A CV workshop led through the Trade School framework is distinct from any other employment skills-based workshop. Founded by artists on a bartering system, Trade School is immediately opened up to all, sharing knowledge and experience (and maybe a lighthearted physical item like sweets) in exchange for a variety of new subjects. But there was one thing that set this session apart even more, a quality I certainly haven’t experienced at similar meetings: Lauren Valler.

A Different Kind of Teacher

‘Infectious’ is often used to emphasise positive attributes, but I don’t think I’ve ever experienced this in the flesh like I did with Lauren, and after talking to other attendees the following day, I wasn’t alone. More to the point, I’ve never found myself still thinking and talking about a CV workshop days later.

The founder of Habakuk, a marketing recruitment agency, provided us all with notebooks and pens, leading her on to the inspiration and values of her business. As a modern agency with a foundation of Christian beliefs, both the contemporary and ancient relevance of positive affirmation and thinking soon becomes clear – Valler explains how prophet Habakkuk relayed the Lord’s words: ‘write down the revelation/vision’, breathing truth into what is put down in words. Throughout the session, both Valler and Caterina Efé (Communications and Partnerships Executive) asked us all to write down and communicate things we like about ourselves, as well as things we liked about the session and how it could be improved, which they listened to with earnest and enthusiasm. The result was a supportive, positive and relaxed atmosphere, free from judgment or criticism (and, if the prophecy rings true, manifestation of our affirmations).

While some may be unsure about a business with a religious background, there is no doubting the professionalism and knowledge of the company and staff. Furthermore, the principles of Habakuk align with that of trade school itself, channeling 10% of its profits into monthly courses in the community through its initiative HKVision.

The Passing of Knowledge

Valler, supported by vocal attendees of many backgrounds and professions, went on to impart practical and relevant tips and tricks for CV excellence and application fluency after describing ‘the best’ CV she ever saw (a one-page digital file with links to other pages and videos). Happy to support those both digital fluent and phobic, the advice she gave demonstrated her genuine hope for our success – including:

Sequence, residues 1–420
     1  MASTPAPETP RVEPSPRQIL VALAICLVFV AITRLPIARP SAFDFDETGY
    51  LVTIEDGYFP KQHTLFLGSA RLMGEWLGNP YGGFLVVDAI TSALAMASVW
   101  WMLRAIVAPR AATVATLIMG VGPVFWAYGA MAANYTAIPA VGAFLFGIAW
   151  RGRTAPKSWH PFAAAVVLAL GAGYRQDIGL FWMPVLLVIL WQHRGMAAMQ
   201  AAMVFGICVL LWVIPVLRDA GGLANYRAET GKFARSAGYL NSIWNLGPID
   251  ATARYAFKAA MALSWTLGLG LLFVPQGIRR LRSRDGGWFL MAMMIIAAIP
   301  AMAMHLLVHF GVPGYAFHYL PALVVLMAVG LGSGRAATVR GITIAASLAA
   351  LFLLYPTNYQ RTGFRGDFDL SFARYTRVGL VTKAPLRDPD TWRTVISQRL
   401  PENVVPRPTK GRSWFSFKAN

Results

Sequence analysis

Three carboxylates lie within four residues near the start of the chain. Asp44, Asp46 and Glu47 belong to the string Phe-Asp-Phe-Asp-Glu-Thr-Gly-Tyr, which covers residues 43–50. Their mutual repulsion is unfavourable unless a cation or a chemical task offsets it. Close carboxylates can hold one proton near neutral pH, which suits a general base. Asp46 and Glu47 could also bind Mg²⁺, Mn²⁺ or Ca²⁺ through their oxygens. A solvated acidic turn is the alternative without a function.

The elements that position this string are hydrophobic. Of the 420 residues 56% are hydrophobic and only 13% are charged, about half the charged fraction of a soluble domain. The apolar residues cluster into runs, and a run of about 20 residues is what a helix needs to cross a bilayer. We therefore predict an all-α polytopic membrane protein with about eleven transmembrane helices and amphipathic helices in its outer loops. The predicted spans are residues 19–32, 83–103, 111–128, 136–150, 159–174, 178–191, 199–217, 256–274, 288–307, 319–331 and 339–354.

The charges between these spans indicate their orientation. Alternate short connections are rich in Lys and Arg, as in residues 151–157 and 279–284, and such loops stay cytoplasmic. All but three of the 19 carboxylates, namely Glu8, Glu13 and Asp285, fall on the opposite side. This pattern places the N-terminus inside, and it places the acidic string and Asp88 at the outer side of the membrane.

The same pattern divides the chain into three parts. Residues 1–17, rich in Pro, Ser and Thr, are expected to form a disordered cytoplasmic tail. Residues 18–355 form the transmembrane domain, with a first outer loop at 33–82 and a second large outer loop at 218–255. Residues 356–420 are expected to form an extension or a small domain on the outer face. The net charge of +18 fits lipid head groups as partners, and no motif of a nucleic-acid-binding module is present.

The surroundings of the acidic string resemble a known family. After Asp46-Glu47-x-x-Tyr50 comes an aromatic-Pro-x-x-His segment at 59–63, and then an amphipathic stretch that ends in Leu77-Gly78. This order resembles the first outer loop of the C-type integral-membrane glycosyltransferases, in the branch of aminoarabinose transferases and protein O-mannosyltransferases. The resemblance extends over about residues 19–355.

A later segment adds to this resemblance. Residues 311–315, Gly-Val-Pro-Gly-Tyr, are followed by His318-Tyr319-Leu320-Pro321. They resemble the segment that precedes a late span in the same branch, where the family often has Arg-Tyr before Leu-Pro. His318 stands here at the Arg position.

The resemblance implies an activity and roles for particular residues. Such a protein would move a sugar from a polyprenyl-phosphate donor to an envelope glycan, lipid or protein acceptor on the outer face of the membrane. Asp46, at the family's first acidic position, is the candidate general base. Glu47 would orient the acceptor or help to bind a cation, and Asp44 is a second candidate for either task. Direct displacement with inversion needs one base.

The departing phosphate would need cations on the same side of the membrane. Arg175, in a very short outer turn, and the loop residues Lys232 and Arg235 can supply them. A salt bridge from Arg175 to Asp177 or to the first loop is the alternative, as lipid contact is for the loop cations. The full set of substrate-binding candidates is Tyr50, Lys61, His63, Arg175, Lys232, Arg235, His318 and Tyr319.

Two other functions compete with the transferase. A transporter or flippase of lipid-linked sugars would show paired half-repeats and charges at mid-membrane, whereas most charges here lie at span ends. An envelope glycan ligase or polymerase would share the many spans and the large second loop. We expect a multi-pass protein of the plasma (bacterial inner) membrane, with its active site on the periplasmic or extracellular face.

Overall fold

• Open your CV with a ‘powerful’ introduction – how do you immediately want to sell yourself to an employer?
  • Use bullet points for quick navigation and fluency, including a list of past employers
  • Stick to a 1-2 page CV with a dual column layout, i.e. keep skills and contact information on one side, and employer history on the other
  • Replace lengthy paragraphs with buzzwords – this will help recruiters match you quickly with a job description, as well as showing up through search engine optimization
  • Nurture your niche and stick to it. If you find it hard to find jobs in your niche, seek out specialist employment agencies and directly contact the hiring manager of potential businesses. Researching the company and relevant staff also shows competency and professionalism
  • You could request to see a place of work before agreeing to an interview to make sure that you like it. This also demonstrates initiative, professionalism, and thoroughness
  • If you’re unsure how to label yourself or are between jobs, you can describe yourself as ‘building a career in…’
  • Be authentic while referring an application or interview back to the job description. You could take this further by doing a personality test such as Myers Briggs to emphasise certain skills and traits you have included in a job description
  • Greet your interviewer/hiring manager with a firm handshake, eye contact and prepare questions. If you can’t think of any, try ‘is there anything that would deter you from hiring me?’ It may sound daunting, but this is a great way to find out what an employer thinks of you, gives you an idea of your chances and provides you the opportunity to clarify anything regarding your relevant experience, skills etc.
  • Be clear on examples of any skills you list – never claim something you can’t back up
  • Perfect your LinkedIn profile. Use your buzzwords, list past employers, qualifications, and skills, and ask for references. Building it up makes you look credible and engaging, and is a great way to research and network with businesses and employers/hiring managers

On a Positive Note

Concluding the session, some were happy with the knowledge they gained and left, while a handful of us stayed behind to further pick Valler’s brain. After hearing our doubts about ourselves, careers and paths, she assured us all to take our time, and to ‘just be’. After sharing some of her own past doubts and benefits of faith, she offered a prayer for us. Whilst not being particularly religious myself, I know that for someone who is, the act of prayer is the most meaningful thing they can offer; which even to a non-believer is incredibly touching.

I would recommend anyone attend a trade school and/or HKVision session. Lauren’s kindness and optimism, as well as her wealth of knowledge and entrepreneurial spirit, will, if nothing else, put a dent in any negativity you may be feeling towards yourself or your path – and leave the potential of written affirmation ringing in your ears.

Amy McCranor

Amy McCranor

Hi! I'm Amy, a Fashion Design and Communication graduate from Birmingham City University. Talk to me about fashion, art, writing and veganism :)